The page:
In light of a budget deficit of more than $2 billion, both the General Assembly and Governor Perdue recognized a need to reduce and reorganize state government. One action supported by both sides is the reduction and consolidation of many of the state’s boards, committees and commissions, a step championed by Perdue as a means of streamlining government and aiding the budget.
Indeed, in January of this year Gov. Perdue directed the state legislature to examine 345 such committees and commissions, with the intent to “consolidate and eliminate wherever possible.”
Yet, only a few months after this directive, legislators have introduced a bill to create yet another commission.
House Bill 758, “An Act to Establish the Arts Education Commission” sponsored by Becky Carney (D- Mecklenburg), Rick Glazier (D- Cumberland), Alma Adams (D- Guilford) and Linda Johnson (R- Cabarrus) represents mixed-up fiscal priorities and a lack of focus on what government programs are important in these times of fiscal stress.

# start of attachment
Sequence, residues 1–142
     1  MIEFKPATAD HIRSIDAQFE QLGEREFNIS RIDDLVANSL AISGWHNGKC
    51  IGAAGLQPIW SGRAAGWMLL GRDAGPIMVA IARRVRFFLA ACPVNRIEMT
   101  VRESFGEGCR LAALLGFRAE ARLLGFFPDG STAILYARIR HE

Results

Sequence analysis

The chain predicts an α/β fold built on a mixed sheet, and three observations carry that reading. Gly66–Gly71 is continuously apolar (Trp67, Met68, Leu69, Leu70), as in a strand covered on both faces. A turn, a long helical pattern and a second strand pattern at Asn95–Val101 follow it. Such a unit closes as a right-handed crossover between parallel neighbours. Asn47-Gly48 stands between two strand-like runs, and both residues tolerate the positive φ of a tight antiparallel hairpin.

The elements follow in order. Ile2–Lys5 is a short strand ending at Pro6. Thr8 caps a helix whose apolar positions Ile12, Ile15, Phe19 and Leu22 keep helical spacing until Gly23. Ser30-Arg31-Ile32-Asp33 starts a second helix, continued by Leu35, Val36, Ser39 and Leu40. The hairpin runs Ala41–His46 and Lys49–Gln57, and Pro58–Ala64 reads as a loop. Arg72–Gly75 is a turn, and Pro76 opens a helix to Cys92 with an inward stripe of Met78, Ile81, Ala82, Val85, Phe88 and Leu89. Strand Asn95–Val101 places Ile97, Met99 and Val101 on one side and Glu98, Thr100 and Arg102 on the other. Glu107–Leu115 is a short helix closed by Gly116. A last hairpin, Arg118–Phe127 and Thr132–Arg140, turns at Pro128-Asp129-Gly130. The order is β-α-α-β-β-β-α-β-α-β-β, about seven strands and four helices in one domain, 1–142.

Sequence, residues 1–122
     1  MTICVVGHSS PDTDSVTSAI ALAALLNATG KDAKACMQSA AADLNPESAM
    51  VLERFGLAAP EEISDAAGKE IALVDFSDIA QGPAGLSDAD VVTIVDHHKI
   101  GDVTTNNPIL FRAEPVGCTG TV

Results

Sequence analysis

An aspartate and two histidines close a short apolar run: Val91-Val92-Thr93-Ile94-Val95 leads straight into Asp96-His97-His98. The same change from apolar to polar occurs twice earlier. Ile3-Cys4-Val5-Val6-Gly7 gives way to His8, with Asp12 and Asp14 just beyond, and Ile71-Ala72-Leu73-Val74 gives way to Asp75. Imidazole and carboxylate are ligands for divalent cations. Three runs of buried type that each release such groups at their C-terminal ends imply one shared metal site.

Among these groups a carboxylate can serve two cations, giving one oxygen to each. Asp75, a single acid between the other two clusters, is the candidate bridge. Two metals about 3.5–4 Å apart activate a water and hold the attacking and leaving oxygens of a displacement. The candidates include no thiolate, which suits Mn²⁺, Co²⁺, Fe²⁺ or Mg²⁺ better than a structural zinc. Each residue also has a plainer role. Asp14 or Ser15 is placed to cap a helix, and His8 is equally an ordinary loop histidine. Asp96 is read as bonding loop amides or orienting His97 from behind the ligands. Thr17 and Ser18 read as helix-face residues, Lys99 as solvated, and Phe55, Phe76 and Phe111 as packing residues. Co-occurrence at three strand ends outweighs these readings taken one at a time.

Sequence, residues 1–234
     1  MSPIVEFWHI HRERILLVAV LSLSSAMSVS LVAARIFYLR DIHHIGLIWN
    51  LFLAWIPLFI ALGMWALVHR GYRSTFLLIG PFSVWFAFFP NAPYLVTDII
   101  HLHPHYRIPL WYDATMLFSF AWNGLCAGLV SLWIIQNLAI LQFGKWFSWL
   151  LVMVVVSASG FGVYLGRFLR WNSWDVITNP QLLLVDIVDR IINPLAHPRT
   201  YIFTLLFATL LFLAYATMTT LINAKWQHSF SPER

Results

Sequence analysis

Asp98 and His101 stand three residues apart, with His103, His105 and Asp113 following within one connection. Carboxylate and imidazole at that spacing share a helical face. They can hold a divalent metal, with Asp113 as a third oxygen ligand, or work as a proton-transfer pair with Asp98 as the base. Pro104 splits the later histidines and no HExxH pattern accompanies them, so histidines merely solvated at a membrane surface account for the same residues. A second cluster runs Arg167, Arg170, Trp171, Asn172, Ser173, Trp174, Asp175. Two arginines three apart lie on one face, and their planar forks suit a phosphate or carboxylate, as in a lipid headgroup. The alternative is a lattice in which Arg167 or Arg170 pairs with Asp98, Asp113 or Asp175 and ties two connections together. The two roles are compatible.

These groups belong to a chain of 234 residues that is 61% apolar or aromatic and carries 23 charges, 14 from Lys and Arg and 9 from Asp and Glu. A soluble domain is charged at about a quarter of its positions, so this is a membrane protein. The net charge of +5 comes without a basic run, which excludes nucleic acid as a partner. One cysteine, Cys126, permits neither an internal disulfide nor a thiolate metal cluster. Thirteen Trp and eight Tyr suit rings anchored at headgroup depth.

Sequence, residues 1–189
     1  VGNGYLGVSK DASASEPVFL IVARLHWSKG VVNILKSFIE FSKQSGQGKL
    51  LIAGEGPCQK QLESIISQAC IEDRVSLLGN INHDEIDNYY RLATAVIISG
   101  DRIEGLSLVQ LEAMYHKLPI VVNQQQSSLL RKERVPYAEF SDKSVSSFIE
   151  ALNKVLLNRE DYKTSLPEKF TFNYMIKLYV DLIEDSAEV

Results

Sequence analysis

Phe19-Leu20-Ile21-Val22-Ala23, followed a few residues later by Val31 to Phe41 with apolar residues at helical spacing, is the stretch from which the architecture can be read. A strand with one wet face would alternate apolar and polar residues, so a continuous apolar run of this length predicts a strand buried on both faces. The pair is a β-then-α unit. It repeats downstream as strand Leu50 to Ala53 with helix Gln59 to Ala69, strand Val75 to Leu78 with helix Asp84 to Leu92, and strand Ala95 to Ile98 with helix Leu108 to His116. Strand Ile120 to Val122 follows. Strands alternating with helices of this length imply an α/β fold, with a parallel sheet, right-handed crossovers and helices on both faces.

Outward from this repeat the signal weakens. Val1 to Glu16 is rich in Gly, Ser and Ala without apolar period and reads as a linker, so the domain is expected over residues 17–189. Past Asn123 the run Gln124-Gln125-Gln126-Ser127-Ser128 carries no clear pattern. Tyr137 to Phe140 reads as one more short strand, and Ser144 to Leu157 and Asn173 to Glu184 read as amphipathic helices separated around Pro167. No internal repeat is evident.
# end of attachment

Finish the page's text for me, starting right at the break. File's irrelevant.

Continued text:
The bill would create the Arts Education Commission with the express purpose of recommending fiscal and educational strategies for furthering arts education in North Carolina schools.
The commission members would receive subsistence and travel allowances during their time working, and a full time professional and clerical staff would be assigned to assist in their efforts. Additionally, the Commission is encouraged to meet at various locations around the state, both during and outside of General Assembly sessions, adding to the expenses.
While no figures are attached to the bill, these are funds that time and time again the General Assembly has pointed out it does not have, and cannot afford to spend.
HB 758 joins the list of Bad Bills of the Week for its lack of fiscal prioritization and its step backwards by expanding the government when it has already been decided that it should be minimized.